Do the shadows of “Operation Condor” seek the former U. S. Secretary of State Henry Kissinger? With the knowledge of the U. S. government, tens of thousands political dissidents across Latin America were killed in the 1970s. John Dinges, author of the book “The Condor Years” writes about Kissinger’s role: “The US’ involvement is described as the green light, red light policy. Kissinger was in Santiago talking to Pinochet and the other leaders talking about human rights publicly – that’s the red light but privately giving them the green light by saying ‘Don’t worry too much about this, we support you’ … You can condemn the CIA all you want for its complicity but to say that the CIA had operational control of Operation Condor, there is simply not the evidence there.”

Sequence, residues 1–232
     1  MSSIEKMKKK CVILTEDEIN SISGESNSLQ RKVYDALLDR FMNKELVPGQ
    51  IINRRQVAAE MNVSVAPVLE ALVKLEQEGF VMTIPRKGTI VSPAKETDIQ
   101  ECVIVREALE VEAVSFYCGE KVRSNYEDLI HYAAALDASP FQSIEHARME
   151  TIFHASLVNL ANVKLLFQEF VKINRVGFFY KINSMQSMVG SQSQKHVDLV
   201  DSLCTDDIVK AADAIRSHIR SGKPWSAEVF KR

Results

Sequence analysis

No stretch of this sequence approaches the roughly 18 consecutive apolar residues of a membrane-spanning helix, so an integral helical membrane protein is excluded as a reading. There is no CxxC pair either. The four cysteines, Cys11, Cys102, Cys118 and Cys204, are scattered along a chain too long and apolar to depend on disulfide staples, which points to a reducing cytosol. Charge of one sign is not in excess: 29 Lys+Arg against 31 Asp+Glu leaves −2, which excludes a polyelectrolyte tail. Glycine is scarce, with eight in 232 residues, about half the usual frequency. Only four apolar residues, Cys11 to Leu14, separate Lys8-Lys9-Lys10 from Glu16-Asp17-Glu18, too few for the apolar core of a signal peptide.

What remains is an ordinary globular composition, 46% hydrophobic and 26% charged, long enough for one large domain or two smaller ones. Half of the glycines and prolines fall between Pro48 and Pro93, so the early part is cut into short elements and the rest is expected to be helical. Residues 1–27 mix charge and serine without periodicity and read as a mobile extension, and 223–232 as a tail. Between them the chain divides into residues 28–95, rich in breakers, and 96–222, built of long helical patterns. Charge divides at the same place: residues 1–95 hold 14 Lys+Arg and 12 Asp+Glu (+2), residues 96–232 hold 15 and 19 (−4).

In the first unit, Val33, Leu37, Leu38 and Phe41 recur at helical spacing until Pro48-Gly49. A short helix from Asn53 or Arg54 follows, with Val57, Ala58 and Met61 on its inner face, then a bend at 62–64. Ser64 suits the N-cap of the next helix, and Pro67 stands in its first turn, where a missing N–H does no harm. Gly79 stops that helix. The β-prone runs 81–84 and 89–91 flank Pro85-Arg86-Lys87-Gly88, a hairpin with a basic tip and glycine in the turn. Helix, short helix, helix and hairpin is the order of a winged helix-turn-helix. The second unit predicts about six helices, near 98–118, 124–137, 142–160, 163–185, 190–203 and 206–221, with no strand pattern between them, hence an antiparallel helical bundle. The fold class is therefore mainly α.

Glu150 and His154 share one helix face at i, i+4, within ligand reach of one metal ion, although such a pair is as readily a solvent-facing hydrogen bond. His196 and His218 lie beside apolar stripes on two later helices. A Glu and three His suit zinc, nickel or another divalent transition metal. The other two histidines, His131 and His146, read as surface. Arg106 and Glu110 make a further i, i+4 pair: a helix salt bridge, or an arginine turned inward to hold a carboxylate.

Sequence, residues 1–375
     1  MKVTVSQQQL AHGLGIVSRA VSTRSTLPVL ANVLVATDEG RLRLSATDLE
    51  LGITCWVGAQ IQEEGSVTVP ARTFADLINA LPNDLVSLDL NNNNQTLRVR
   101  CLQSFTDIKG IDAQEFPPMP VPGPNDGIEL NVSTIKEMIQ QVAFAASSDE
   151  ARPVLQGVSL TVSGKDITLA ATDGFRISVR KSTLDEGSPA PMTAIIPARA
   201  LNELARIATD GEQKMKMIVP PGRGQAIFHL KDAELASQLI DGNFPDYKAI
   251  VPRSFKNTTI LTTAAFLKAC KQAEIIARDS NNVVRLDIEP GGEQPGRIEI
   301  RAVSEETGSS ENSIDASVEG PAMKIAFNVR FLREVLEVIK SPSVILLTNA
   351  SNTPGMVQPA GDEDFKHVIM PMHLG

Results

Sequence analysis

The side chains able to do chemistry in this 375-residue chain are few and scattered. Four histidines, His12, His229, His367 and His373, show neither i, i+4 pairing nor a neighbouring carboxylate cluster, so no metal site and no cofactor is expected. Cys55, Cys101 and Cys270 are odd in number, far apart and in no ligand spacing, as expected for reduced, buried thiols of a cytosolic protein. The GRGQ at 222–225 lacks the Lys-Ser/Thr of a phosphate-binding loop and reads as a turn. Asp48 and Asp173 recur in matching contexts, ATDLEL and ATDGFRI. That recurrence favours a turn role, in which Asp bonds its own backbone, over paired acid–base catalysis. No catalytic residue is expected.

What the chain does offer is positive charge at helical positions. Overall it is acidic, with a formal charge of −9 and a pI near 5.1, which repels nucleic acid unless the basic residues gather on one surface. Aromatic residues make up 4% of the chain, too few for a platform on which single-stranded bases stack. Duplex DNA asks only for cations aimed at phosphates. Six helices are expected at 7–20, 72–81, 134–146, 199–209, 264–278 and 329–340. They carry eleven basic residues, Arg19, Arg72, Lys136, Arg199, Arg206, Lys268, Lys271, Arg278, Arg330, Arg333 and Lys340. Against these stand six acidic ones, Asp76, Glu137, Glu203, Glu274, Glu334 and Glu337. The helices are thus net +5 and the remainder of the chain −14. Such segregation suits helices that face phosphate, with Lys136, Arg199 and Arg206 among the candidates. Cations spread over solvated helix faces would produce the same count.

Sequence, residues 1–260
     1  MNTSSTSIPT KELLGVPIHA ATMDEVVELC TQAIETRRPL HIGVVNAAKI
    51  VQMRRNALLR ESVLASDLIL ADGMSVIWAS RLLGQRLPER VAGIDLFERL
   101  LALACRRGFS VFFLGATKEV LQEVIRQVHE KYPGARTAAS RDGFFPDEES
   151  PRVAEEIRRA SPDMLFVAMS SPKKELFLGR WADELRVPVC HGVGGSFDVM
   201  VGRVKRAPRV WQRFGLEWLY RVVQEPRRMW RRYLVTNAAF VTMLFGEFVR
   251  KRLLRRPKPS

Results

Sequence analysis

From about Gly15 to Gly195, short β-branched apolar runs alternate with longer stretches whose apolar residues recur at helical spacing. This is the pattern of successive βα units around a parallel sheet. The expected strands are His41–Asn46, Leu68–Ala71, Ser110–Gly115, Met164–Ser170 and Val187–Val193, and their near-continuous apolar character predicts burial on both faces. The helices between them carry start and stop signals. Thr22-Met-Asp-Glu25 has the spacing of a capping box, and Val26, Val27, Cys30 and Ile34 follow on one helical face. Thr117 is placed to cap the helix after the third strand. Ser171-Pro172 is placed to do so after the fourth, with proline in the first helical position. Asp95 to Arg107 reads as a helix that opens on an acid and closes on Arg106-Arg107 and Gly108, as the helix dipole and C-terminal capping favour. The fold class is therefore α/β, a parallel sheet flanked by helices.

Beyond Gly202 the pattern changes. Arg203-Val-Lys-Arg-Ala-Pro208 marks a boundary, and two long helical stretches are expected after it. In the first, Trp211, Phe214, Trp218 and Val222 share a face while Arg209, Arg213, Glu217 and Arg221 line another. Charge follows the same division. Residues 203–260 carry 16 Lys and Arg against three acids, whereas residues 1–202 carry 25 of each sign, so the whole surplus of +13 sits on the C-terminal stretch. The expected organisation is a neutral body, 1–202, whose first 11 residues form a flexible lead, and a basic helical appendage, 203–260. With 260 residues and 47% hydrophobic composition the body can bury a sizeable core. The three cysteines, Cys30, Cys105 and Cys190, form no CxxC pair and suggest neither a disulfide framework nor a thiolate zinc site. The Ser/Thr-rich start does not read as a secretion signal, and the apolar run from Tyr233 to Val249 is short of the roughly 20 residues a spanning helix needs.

And Henry Kissinger said on October 5, 1976: “Look, our basic attitude is that we would like you to succeed. I have an old-fashioned view that friends ought to be supported. What is not understood in the United States is that you have a civil war. We read about human rights problems …” The extent of the U.S.'s role in the killing or disappearance of some 80,000 people has to brought to the open. Why are only the “small” criminals indicted in The Hague?